Policy & procedures for public right of way investigations
Under the Access to the Countryside (NI) Order 1983, all Councils in Northern Ireland have a duty to “assert, protect, keep open and free from obstruction any public right of way” and yet public rights of way remain one of the most difficult and controversial subjects that a Council will have to address. The purpose of this policy is to recommend the basis of a practical, step by step approach that may be taken by Council staff and others who are concerned with the investigation of the status of routes alleged to be public rights of way. It should be used in conjunction with the Environment Heritage Service booklet ‘Public Rights of Way: A Guide to the Status Investigation Procedure’. The contents of this policy are not definitive statements of law and should not be taken as such.
The intention of this policy is to show that Council approaches its statutory responsibilities under the Access to the Countryside (NI) Order 1983 in a fair, balanced and professional manner. The legislation only applies where a public right of way exists. It therefore can only reasonably be applied if and when Council is satisfied that one exists.
The procedure (Sections 1 to 11) has been developed for use by Council Officers tasked with investigating public right of way claims. Following the investigation procedure, the Council Officer involved will prepare a final report making recommendations on which a Council decision is to be based. The report will contain a full account of the evidence and the conclusions that can be drawn from it. It will also contain a clear explanation of the legal tests and address any specific legal issue that may arise in a particular case.
Council decisions should be made based upon the premise that Council is obliged to assert a public right of way only where it is satisfied that an alleged right of way is in fact a public right of way and that there exists no real dispute as to its status.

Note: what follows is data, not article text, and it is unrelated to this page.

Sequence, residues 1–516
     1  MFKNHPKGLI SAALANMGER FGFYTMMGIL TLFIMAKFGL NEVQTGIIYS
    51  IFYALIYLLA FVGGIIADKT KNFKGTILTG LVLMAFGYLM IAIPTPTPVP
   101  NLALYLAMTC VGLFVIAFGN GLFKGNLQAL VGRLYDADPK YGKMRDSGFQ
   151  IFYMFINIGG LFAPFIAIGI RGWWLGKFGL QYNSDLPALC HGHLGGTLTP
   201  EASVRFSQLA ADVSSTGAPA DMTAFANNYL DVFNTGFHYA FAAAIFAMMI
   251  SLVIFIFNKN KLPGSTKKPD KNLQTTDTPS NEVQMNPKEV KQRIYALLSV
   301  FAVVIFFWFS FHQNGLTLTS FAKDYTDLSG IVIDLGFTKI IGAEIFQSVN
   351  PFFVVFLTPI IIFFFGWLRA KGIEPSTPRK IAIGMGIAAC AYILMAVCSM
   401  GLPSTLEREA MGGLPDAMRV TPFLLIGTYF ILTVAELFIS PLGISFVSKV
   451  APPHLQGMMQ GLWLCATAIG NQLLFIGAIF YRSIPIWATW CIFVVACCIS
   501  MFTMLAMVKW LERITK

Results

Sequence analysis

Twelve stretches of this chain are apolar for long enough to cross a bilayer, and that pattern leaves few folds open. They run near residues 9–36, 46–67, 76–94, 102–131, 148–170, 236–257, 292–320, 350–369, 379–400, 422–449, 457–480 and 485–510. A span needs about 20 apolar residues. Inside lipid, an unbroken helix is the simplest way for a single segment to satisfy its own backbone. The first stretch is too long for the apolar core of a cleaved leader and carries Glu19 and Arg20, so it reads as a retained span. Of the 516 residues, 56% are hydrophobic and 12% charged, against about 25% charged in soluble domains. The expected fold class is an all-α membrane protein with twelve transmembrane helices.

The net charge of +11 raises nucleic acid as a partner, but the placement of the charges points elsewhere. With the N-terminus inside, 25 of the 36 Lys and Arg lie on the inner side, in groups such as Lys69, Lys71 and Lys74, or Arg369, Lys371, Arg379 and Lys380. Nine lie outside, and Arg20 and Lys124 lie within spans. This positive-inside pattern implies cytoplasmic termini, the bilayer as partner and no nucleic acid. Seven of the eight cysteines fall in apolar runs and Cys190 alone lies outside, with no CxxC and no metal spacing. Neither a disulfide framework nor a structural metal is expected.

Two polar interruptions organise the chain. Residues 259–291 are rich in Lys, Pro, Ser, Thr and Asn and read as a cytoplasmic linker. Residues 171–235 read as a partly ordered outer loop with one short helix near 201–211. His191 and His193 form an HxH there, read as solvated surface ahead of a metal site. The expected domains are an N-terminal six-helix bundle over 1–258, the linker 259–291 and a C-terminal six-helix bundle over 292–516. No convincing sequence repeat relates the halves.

In order to assist in the decision making process, the investigation procedure is likely to identify three main enquiry outcome categories. These are:
- Where there is clear evidence that a public right of way exists, or where the evidence substantially supports the existence of a public right of way with no counter evidence other than that of a current or recent owner claiming that he does/did not want, or believe that there was, a public right of way crossing his land.
- Where the evidence is evenly balanced both for and against the public claim demonstrating real dispute as to the status of the route and is therefore inconclusive, to the extent that Council has no confidence in the existence of a public right of way. This can include situations, where, despite user evidence, a longtime owner submits evidence to show that whereas he/she was aware of use of the route by neighbours etc. he/she had permitted use so as not to create ill will, but had never intended to dedicate a right to them or the public at large.
- Where there is clear evidence to show that the route is not a public right of way or the evidence substantially refutes the existence of a public right of way.
When Council has considered the evidence gathered during the investigation procedure and collated within the final report, decisions taken should be as follows:
a) In the case of 1. -Council should assert the route as a public right of way, accepting that the case may have to be pursued through the Court for vindication of the decision.
b) In the case of 2. -Council should accept that no dedication had taken place and that therefore no public right of way exists and should not assert or pursue a public right of way case. However, Council may also choose to defer the matter if it considers that further evidence may come to light or be put forward in the future.
c) In the case of 3. – the Council should not assert or pursue a public right of way case.
A procedure for the investigation of route status